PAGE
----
That is a pretty indicting statement! By nature we only want to help those who can help us in return. Who would want to die for anyone less? Interestingly, if love is as strong as death, the possibility of death can starkly show us who we love.

If the possibility of death shows us who we love, we have to admit that we often love ourselves the most. We defend ourselves the most. We take care of ourselves the most. We look out for ourselves more than anyone else. That makes us exactly what Paul describes us as: “ungodly…sinners…enemies.”

There really is only one whose love remained as strong as death, and that is our Savior, Jesus. “You see, at just the right time, when we were still powerless, Christ died for the ungodly.” There was nothing lovable about us when Jesus came to be our Savior. How could there be? We were still “ungodly…sinners…and God’s enemies.” In Christ  we see love and death collide in a most miraculous way. On the cross, Jesus spoke only words of love. On the cross, Jesus only acted in love. On the cross, Jesus died for you…out of love.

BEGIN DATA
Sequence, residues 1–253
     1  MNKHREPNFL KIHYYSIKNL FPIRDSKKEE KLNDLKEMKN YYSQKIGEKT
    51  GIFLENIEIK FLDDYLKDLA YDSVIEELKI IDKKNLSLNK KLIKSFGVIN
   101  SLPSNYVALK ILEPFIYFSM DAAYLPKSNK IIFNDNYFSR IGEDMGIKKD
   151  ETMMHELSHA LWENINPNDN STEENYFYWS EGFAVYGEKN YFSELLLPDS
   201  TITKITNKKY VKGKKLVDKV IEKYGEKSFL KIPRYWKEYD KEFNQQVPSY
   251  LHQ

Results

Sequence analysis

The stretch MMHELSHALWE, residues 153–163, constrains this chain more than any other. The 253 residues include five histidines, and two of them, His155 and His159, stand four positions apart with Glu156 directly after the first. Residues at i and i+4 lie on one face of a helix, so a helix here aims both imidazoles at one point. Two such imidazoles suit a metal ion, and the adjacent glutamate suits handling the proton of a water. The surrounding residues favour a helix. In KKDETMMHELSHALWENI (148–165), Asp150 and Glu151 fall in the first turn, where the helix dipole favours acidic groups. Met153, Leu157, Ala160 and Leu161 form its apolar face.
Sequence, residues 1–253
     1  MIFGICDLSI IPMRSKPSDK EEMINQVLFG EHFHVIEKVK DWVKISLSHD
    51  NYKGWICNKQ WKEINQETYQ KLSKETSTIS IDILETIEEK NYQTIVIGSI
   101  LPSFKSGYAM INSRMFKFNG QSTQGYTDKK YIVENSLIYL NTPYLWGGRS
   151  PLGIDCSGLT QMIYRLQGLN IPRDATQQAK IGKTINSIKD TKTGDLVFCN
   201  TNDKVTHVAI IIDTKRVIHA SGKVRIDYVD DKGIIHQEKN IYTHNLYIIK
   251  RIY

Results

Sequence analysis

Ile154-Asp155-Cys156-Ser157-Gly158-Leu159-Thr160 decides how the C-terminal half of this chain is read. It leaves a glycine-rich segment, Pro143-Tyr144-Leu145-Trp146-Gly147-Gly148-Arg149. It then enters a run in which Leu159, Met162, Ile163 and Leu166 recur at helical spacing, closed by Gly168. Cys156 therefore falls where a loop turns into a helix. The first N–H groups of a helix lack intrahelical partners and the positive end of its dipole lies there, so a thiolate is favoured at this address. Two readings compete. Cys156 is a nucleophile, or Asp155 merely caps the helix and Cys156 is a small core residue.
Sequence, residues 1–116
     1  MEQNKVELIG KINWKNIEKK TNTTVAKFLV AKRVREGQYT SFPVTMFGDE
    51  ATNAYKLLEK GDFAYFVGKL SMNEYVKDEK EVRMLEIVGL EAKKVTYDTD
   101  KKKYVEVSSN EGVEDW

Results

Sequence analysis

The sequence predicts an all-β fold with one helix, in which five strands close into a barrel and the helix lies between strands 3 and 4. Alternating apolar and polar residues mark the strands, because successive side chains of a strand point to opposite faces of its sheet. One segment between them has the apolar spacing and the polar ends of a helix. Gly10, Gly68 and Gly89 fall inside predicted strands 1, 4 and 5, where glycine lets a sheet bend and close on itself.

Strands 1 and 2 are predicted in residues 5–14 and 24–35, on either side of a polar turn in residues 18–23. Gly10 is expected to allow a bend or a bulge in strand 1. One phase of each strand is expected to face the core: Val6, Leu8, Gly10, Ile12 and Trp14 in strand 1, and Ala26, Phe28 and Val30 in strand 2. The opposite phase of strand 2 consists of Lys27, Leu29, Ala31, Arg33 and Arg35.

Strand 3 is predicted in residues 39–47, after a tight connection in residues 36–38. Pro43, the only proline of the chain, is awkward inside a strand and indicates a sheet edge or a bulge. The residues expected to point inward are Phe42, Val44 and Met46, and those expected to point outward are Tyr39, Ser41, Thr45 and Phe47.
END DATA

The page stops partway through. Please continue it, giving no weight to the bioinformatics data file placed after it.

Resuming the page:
“God demonstrates his own love for us in this: While we were still sinners, Christ died for us.” This was the greatest show of love the world has ever seen. It is the greatest show of love you have ever seen. Someone died for you. “For if, when we were God’s enemies, we were reconciled to him through the death of his Son, how much more, having been reconciled, shall we be saved through his life!”

This morning, Paul uses a special word to describe what Jesus did for you and me. He calls what Christ did: “reconciliation.” It means that Jesus brought us back to our Father in heaven. It is the word you use to describe two divided people coming back together and mending their rift in love. “Through [Christ] we have now received reconciliation.”

By defeating death, Jesus epitomized love. “This is how we know what love is: Jesus Christ laid down his life for us. And we ought to lay down our lives for our brothers.” Children, love your parents, even to death. Parents, love your children, even to death. Husbands and wives, selflessly love one another with a love that serves, even to death. Love your neighbor to the point of death. Show love to strangers. Love even your enemies!

Christ showed this type of love for you. He will help you show this type of love to one another. After all, in Christ, “love is as strong as death.” In fact, in Christ, love is even stronger. Amen.